"Hyper-rationalism" is something of an oxymoron, since true rationalityis always modest enough to recognize its own limitations. True rationality would never claim for itself the status that hyper-rationalists ascribe to it. Reason is not something absolute, some god-like principle: it is practical and grows out of the day-to-day experience of human beings as perceived by the human senses. We now know that these senses are notoriously susceptible to deception, so any system of reason based on the evidence of the senses is bound to be flawed in some way. Aristotle formulated the Law of Non-Contradiction based on the commonsense observation that something could not be true and not true at the same time. But anyone who has some knowledge of quantum physics would know that this does not apply to the quantum world. Reason would tell us (following Aristotle) that things cannot have two different states at the same time, or be two different things at the same time. Yet quantum physicists tell us that light is both a wave and a particle. Reason tells us that a cause cannot be separated from its effect in time and space. And yet, the principle of nonlocality in quantum physics holds that at the quantum level this is indeed possible. Einstein, ever the rationalist, found Heisenberg's Uncertainty Principle highly unsettling—and to the hyper-rational mind it undoubtedly is. He famously quipped: "God doesn't play dice with the universe." To his highly rational mind, the probabilistic nature of quantum physics was utterly abhorrent. But he, as it turns out, was wrong. God (if we will temporarily allow that there is such a thing!) does indeed play dice with the universe—Einstein and "reason" notwithstanding. Incidentally, it has been proposed (on the basis of rather compelling evidence) that Einstein suffered from Asperger's Syndrome, a mild form a autism, in which emotionality and social interaction are impaired, but sensory perception and cognitive processes (rational functions of the brain) are enhanced in some cases.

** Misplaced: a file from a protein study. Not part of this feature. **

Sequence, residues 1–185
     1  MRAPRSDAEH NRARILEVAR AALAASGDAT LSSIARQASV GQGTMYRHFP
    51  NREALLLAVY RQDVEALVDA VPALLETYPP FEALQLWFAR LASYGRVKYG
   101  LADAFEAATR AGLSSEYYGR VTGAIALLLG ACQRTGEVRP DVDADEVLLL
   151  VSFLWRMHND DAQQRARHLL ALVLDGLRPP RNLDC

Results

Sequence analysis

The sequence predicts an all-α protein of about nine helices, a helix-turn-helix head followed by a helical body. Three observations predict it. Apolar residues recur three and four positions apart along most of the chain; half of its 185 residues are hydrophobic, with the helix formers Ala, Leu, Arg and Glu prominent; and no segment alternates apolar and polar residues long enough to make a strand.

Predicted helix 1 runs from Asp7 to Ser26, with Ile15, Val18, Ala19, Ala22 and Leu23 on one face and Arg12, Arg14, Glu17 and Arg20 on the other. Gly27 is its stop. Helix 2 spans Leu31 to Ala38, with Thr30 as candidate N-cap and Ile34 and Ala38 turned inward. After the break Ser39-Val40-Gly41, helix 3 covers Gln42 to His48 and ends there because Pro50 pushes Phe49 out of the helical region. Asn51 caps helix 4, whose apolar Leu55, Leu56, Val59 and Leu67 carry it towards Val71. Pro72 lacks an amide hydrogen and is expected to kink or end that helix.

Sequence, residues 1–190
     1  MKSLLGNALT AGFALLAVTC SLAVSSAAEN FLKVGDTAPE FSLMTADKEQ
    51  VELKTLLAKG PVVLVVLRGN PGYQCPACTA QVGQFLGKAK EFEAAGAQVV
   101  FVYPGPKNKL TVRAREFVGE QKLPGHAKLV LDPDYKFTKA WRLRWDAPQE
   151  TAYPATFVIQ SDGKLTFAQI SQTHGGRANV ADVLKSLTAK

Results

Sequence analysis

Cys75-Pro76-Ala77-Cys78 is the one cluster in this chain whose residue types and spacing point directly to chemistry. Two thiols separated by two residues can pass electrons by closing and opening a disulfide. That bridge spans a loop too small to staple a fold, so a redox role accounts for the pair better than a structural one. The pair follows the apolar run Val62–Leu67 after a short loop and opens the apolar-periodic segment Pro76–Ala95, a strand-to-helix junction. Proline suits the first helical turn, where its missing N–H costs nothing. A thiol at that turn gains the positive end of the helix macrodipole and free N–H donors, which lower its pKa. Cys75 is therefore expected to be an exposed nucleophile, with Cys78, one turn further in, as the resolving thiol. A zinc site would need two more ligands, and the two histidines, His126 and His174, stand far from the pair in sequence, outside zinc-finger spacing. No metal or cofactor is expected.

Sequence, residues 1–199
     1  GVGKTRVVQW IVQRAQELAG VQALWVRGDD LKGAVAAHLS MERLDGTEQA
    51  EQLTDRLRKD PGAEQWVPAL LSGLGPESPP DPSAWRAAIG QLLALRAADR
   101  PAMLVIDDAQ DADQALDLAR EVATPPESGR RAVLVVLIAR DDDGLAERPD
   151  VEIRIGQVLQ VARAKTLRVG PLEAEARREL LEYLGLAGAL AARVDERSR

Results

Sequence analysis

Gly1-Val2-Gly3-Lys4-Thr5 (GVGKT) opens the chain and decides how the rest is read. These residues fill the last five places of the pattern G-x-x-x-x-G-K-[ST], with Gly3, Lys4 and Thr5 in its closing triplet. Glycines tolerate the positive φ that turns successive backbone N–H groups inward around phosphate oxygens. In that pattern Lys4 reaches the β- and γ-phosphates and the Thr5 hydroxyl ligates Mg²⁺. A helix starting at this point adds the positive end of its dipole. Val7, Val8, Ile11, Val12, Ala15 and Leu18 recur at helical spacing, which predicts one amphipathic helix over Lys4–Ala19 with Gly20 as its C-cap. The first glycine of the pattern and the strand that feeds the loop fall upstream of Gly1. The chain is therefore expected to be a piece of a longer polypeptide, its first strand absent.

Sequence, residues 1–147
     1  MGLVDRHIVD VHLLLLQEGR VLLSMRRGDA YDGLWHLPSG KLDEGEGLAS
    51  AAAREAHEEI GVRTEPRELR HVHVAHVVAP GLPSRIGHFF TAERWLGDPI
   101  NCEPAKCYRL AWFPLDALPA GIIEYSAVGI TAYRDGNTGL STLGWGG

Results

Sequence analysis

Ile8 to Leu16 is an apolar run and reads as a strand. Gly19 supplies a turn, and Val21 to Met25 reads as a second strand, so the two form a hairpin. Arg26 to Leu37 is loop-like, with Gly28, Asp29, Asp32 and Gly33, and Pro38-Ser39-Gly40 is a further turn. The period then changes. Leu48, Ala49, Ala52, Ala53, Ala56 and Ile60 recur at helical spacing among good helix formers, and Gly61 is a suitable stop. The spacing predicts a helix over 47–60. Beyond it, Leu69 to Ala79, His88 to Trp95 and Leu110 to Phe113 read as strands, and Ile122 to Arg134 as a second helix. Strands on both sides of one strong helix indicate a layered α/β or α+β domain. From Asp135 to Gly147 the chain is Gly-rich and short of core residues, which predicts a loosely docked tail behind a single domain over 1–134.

Hyper-rationality is a defense mechanism: it defends against all that is threatening and causes unease. Emotions and irrationality are anathema to the hyper-rationalist because they bring uncertainty and doubt—and for some people uncertainty and doubt are unsettling. If we can embrace uncertainty and doubt, and along with them our emotions and our phylogenetic irrationality, we do not need the defense of hyper-rationality. We can live a fuller, more balanced life.